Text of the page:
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the incredible american-made, open source, radically accessible, and utterly adaptable tractor

One thing that is clear when you look at Oggún’s website, watch its videos, and study its tractor, is that this a no-frills organization. No frills: just results. And that is precisely why we love them and it so much.

In his ever-relevant essay “In Distrust of Movements,” Wendell Berry writes that the local food and land movement must “content itself to be poor,” because, “We need to find cheap solutions, solutions within the reach of everybody, and the availability of a lot of money prevents the discovery of cheap solutions. The solutions of modern medicine and modern agriculture are all staggeringly expensive, and this is caused in part, and maybe altogether, because of the availability of huge sums of money for medical and agricultural research.”

What we see here, in the Oggún tractor, is exactly what kind of practical, pragmatic results come from a thrifty approach. Accessing Cuba’s local food shortage, Cuban-born  Horace Clemmons and his business partner Saul Berenthal quickly realized that Cuban farmers needed technology that was simple, rugged, and easy-to-repair. And then they asked, why don’t tractors like this already exist, tractors like the original Allis Chalmers G that farmers in the US used in the 1950s? They suspected that stock-based shareholder business models might be to blame: too much money and the input of too many people with money who just do not understand the problems of small farmers.

So, in the grand spirit of Farm Hack, they used open-source technology to build a tractor with all off-the-shelf parts. Thus, repairs can be done in the field and in small local machine shops. Oggún adapted its business model to keep over-head costs low, partner closely with other local businesses, and never develop products that are planned for obsolescence. The tractors is made in Alabama, but it’s available to and possibly revolutionary for small family farmers all around the world.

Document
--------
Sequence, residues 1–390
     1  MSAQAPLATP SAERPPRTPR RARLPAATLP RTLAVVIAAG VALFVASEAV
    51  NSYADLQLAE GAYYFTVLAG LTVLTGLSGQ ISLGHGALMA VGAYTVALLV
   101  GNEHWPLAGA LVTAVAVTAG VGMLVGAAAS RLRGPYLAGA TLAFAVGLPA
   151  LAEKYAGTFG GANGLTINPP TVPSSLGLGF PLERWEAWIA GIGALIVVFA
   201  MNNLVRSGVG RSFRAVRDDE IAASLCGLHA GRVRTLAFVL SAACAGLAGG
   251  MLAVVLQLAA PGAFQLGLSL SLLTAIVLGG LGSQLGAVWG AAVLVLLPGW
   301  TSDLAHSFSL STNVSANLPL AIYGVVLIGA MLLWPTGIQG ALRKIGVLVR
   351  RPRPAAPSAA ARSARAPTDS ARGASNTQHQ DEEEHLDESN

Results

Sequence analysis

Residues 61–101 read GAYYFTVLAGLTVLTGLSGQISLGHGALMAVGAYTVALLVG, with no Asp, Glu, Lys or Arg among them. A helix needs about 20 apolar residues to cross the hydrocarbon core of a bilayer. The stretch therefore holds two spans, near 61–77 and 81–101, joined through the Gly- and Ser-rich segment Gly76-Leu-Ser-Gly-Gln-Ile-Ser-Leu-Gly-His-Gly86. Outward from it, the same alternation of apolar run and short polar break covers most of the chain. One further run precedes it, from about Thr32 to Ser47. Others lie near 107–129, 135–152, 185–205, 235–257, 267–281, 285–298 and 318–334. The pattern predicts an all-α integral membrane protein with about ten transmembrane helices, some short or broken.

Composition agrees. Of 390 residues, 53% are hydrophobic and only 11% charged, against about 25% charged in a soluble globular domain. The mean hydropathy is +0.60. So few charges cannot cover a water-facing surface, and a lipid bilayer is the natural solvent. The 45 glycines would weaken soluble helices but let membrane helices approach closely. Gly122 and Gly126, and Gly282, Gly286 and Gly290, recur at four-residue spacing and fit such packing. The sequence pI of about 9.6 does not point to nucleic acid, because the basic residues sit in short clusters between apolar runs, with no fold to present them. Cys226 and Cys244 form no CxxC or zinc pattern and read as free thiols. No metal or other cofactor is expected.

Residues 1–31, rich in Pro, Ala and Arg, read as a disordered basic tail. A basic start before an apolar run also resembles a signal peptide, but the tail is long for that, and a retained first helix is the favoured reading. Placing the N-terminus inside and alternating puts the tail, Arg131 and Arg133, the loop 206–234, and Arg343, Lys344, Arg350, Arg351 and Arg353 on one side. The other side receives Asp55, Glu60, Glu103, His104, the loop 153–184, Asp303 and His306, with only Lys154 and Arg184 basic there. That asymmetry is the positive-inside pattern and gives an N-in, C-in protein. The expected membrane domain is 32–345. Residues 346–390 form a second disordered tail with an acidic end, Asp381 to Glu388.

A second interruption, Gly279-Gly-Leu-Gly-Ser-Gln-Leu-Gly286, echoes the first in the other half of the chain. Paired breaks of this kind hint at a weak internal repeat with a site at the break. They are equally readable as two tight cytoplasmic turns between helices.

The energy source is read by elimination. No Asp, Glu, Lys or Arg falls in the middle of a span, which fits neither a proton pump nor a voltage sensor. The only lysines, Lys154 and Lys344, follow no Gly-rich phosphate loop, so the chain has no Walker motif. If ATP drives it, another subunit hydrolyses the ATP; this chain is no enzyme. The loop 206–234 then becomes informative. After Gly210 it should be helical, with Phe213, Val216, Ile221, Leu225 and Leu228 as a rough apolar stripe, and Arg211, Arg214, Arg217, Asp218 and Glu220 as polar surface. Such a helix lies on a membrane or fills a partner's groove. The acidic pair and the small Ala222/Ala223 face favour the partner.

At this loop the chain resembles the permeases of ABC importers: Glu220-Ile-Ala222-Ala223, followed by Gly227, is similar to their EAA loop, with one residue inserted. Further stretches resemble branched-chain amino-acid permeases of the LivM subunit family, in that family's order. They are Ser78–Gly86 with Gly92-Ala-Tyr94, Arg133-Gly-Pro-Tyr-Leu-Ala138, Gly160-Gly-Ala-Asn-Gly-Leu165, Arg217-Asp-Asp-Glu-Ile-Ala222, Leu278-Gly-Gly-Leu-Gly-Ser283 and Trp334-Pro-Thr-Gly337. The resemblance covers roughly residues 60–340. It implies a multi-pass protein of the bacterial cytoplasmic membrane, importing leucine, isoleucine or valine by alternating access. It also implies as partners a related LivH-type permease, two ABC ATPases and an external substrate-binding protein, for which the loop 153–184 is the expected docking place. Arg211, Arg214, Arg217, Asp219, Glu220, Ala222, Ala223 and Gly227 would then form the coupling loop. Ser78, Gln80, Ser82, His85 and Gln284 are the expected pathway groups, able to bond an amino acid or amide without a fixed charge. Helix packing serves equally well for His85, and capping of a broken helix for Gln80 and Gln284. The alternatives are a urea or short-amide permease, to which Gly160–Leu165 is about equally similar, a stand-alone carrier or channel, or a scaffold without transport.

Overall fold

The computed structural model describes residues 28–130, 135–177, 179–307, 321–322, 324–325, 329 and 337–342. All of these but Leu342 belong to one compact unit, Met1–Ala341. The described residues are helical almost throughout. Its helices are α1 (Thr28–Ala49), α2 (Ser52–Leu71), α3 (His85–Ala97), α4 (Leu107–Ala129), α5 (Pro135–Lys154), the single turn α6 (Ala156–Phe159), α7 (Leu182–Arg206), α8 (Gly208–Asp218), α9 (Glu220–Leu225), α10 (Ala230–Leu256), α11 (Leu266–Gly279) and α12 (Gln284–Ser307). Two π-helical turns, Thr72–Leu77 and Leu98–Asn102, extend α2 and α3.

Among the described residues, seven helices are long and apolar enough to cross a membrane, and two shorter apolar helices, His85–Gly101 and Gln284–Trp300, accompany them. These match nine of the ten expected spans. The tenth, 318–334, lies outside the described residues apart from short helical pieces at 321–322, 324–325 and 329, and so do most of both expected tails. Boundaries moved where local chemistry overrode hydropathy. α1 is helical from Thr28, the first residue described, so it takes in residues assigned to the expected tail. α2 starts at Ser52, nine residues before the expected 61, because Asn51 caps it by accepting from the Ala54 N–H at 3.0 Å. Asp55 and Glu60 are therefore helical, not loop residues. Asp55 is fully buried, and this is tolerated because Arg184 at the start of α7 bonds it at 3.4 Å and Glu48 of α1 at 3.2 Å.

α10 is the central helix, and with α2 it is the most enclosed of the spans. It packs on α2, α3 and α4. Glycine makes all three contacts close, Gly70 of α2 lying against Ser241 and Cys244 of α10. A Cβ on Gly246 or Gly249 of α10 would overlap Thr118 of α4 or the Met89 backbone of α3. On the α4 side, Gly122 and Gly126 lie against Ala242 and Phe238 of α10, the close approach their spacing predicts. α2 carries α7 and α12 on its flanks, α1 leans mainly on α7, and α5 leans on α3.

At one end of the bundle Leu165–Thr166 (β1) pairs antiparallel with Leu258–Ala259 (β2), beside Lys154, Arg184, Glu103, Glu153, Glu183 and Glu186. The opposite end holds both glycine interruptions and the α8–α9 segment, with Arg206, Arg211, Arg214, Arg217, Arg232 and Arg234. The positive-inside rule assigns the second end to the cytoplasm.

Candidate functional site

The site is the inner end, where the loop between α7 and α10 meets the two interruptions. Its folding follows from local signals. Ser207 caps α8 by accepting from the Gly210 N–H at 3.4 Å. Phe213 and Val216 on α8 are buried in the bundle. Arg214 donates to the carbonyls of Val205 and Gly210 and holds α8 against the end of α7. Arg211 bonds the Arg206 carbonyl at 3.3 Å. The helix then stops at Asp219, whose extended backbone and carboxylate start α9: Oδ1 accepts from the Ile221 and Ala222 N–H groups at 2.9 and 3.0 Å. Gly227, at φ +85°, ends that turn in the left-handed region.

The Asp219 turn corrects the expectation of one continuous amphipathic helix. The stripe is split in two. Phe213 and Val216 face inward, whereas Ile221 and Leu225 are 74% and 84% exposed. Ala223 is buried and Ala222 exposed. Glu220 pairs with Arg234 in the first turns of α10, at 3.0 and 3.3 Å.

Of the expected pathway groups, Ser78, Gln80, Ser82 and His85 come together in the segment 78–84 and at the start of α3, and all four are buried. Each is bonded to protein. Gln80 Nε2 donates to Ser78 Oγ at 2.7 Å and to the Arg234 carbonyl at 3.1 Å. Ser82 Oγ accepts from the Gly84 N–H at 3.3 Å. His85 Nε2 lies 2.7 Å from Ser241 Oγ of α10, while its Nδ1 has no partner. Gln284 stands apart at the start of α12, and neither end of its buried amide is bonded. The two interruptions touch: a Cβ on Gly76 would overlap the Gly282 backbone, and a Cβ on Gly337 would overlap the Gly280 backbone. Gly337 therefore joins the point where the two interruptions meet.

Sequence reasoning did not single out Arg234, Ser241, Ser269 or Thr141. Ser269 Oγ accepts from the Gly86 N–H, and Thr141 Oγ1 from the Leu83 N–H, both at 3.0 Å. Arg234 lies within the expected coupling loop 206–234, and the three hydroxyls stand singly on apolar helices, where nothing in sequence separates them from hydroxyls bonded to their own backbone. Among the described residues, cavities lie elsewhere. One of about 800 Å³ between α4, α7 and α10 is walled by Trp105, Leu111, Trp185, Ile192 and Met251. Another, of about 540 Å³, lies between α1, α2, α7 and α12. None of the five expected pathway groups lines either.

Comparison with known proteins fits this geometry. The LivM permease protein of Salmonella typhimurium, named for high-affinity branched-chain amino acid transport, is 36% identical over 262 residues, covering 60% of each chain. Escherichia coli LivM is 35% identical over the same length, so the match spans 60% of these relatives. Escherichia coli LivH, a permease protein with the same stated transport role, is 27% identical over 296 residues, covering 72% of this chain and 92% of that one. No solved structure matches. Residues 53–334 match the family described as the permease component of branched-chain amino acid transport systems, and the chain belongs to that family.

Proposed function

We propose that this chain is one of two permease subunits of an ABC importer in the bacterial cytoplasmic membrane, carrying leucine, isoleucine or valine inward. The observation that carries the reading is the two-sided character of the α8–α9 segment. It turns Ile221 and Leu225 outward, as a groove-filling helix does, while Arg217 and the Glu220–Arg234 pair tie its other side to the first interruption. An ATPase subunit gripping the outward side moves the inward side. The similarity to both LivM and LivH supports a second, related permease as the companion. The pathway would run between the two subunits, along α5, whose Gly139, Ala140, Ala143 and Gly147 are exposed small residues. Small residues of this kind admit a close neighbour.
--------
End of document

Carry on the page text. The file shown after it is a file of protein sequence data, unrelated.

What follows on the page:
Tune into Greenhorns Radio today at 4:00 PM to hear Locky Carton, Oggún partner and graduate of the University of Iowa’s agricultural business program, speak more about this exciting project. If you can’t tune in today, don’t forget that a podcast version of our show is always available at the Heritage Radio Network!

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eieio farm needs a tractor and hopes to fund it through calendar sales

EIEIO Farm is a small family farm in Western MA that has been sustainably and biodynamically raising grass fed beef, goat, lamb, pork and poultry for 32 years! from 1982 to 2008 EIEIO was devoted to a family homestead. In the last six years it has transitioned to a small commercial business. Now that EIEIO is feeding more families we need some help!

All the “Babes” that we are – family, friends, workers, owners, farmers, daughters, mothers, EIEIO Farm lovers and customers – have come together to make a calendar because we need a tractor and we need your help! 100% of the proceeds of the calendar will go toward buying the tractor that EIEIO needs to continue its operation. Support Female Farmers! Support Happy Healthy Food! Support Art! Support Small Business! Support Family Farming! Support EIEIO Farm!

What you get: A beautifully crafted 12 month 2015  “Farmtale” calendar with photographs featuring fourteen beautiful women, EIEIO Farm‘s lush landscapes and happy, healthy livestock!

What you give: Just $25 for an artwork that you will enjoy long after the year’s end!